ESPACIO PUBLICITARIO
CARACAS, Tuesday August 23, 2011 | Update
 
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Arab Uprising
Venezuela dismisses the idea of recognizing Libyan rebels

Chávez said that NATO's actions in Libya amount to "throwing away, kicking, spitting, and ignoring the most elementary principles of international law"

  EL UNIVERSAL
Tuesday August 23, 2011  05:25 PM


Venezuela's President Hugo Chávez on Tuesday said his country recognized in Libya "only one government, the one headed by Muammar Gaddafi," and reiterated his criticism of NATO air strikes on Tripoli.

"We recognize only one government, the one headed by Muammar Gaddafi. We reaffirm our solidarity with the Libyan people, our brothers who are attacked and bombed," Chávez said during a cabinet meeting broadcast by all Venezuelan radio and television stations, Efe quoted.

"See what is happening in Libya. It is a shame. Undoubtedly, we are face-to-face with the imperial madness. They are looting and robbing international reserves and oil (from Libya,)" Chávez said, when Libyan rebels have taken most of Tripoli, including the headquarters of Gaddafi, whose whereabouts are unknown.

"(US President Barack) Obama has said that he will cooperate economically with the new government, which we of course do not recognize," stressed the Venezuelan leader, a close ally of Gaddafi and the only one who has supported publicly the Libyan president in recent days.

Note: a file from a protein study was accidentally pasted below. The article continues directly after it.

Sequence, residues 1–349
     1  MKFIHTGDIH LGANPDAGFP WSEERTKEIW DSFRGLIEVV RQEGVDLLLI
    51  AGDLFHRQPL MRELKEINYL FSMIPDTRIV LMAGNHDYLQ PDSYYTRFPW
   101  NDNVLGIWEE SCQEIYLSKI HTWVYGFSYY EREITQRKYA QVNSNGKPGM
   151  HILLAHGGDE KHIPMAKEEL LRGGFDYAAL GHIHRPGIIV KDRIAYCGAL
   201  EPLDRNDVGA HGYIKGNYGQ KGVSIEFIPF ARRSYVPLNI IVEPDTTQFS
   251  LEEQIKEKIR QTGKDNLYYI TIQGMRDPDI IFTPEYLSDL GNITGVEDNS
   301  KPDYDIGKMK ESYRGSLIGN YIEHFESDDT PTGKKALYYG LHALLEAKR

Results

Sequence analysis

Chávez said that NATO's actions in Libya amount to "throwing away, kicking, spitting, and ignoring the most elementary principles of international law"

Since the beginning of the revolt in Libya six months ago, Chávez has supported Gaddafi's regime and opposed to economic sanctions and NATO intervention. In February, he launched a draft peace plan and has exchanged letters in recent weeks with the Libyan leader.

Chávez views Gaddafi as a friend, and has visited Libya on several occasions. He paid his first visit to Libya in 2001 and the most recent in 2009, the same year when Gaddafi visited Venezuela to attend an African-South American Summit.

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Dossier
Is protest over?

That political protest in Venezuela has lost momentum seems pretty obvious: people are no longer building barricades to block off streets near Plaza Francia in Altamira (eastern Caracas), an anti-government stronghold; no new images have been shown of brave and dashing protesters with bandanna-covered faces clashing with the National Guard in San Cristóbal, in the western state of Táchira; and those who dreamed of a horde of "Gochos" (Tachirans) descending  in an avalanche to stir up revolt in Caracas have been left with no option but to wake up to reality.

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